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Posted 01 December 2015 | By Zachary Brennan
Drug and biotech companies cannot replace pivotal clinical trials that are non-compliant with good clinical practice (GCP) standards during the assessment of marketing authorization applications, according to a new position paper from the European Medicines Agency (EMA).
Stressing the importance of GCP compliance, the EMA says it’s an “essential prerequisite” for assessing a medicinal product’s safety and efficacy.
The agency also clarifies that when a study is found to be GCP non-compliant during an inspection, the applicant/marketing authorization holder (MAH) have several options, including commenting on the inspection findings, providing a re-analysis of the data that excludes the non-GCP compliant data, and/or presenting a justification why specific data are actually reliable.
“In case the application contains only one pivotal study which is found to be GCP non-compliant and reanalysis is not provided or not possible, this means that the application no longer contains any pivotal clinical data that can be used to support the safety and efficacy of the medicinal product in the context of the application in question,” EMA says, noting companies can always re-apply for marketing authorization with a new GCP-compliant study.
The position paper comes as the EU and India are locked in a battle over India’s GVK Biosciences and its manipulation of data from clinical trials that resulted in the European Commission’s decision last summer to ban the sale of more than 700 drugs relying on that data.
The Indian government and GVK claim that the commission’s ban was disproportionate and that the drugs have been on the EU market for years without any reported adverse events.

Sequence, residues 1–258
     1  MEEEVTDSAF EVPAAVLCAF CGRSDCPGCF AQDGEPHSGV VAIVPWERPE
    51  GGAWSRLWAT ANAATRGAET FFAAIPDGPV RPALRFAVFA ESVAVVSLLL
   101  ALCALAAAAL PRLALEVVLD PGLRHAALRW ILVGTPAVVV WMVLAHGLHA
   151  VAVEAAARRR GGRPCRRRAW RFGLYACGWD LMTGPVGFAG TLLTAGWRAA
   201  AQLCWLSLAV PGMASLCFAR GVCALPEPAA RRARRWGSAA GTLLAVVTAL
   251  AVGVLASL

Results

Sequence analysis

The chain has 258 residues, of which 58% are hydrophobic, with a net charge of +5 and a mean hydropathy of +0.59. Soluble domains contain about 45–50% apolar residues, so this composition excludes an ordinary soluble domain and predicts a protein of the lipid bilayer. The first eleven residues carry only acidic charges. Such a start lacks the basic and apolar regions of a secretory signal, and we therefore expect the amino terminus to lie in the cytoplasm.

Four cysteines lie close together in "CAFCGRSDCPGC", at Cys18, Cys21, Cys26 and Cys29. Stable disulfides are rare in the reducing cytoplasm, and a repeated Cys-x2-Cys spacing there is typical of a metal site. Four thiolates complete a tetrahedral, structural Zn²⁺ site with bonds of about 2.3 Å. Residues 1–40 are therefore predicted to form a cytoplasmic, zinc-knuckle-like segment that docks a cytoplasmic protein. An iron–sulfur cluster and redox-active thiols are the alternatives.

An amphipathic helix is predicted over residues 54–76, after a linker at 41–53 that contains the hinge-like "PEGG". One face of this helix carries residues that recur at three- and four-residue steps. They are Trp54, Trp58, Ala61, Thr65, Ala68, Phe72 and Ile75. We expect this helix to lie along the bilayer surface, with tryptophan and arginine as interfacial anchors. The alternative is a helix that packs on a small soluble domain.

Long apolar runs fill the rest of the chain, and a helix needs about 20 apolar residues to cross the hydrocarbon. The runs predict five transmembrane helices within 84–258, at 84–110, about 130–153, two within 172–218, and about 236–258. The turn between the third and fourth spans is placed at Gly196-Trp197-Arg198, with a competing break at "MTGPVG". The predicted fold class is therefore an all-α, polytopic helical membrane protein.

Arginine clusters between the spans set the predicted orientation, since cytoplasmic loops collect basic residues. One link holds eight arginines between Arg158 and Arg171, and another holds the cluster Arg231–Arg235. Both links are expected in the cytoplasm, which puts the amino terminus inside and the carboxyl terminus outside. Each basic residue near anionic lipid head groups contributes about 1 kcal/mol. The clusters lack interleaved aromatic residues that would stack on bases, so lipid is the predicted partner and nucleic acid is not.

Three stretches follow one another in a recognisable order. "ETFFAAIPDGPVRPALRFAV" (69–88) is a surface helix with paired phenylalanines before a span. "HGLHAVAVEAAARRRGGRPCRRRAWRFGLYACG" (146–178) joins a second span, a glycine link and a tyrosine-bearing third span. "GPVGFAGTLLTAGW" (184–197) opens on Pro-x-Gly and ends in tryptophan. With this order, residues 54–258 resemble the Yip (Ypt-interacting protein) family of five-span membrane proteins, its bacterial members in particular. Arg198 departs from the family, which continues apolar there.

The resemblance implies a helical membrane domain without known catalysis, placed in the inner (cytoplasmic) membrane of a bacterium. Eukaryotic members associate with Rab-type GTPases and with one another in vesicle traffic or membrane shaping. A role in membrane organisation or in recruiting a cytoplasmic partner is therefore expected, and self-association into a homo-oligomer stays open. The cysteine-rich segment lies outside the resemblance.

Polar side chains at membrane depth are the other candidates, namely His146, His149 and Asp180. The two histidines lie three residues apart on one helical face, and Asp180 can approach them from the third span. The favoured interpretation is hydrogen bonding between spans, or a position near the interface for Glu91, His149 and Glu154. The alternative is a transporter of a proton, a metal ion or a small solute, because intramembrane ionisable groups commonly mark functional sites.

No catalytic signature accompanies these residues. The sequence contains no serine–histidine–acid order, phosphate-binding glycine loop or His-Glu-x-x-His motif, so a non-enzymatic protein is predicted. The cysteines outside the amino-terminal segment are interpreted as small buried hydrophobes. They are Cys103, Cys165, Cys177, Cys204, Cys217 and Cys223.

And EMA does offer some additional considerations in its latest position paper for cases where GCP non-compliance of a pivotal trial is detected after a drug is marketed and action on the marketing authorization may be required because the data is unreliable.
“Some other elements should be properly evaluated to respect the principle of proportionality, amongst others the patients’ interest to continue to use the medicinal products at stake and the harm that discontinuing the treatment would entail for them and the possibility for the MAH to provide relevant information confirming the quality/safety/efficacy of the product and the persistence of a positive risk/benefit ratio,” the EMA says, perhaps hinting at the disagreement that has pushed the two sides to suspend trade talks.
A review of the most recent EMA GCP inspection data also reveals that the agency is increasingly targeting countries outside the US and EU for data integrity violations.
Of the 57 GCP inspections from 2014, emerging markets accounted for a larger cut of inspections than in previous years, with a higher proportion of visits to the Middle East, Asia Pacific and South America.
When compared to 2013, 2014 inspections in Europe fell 39%, while visits to the US decreased by 43%. However, 10 of the 14 non-routine inspections from 2014 were conducted in the US and EU.
EMA position paper on the non-acceptability of replacement of pivotal clinical trials in cases of GCP non-compliance in the context of marketing authorisation applications
Tags: good clinical practice, clinical trials, EMA, CHMP, GCP non-compliance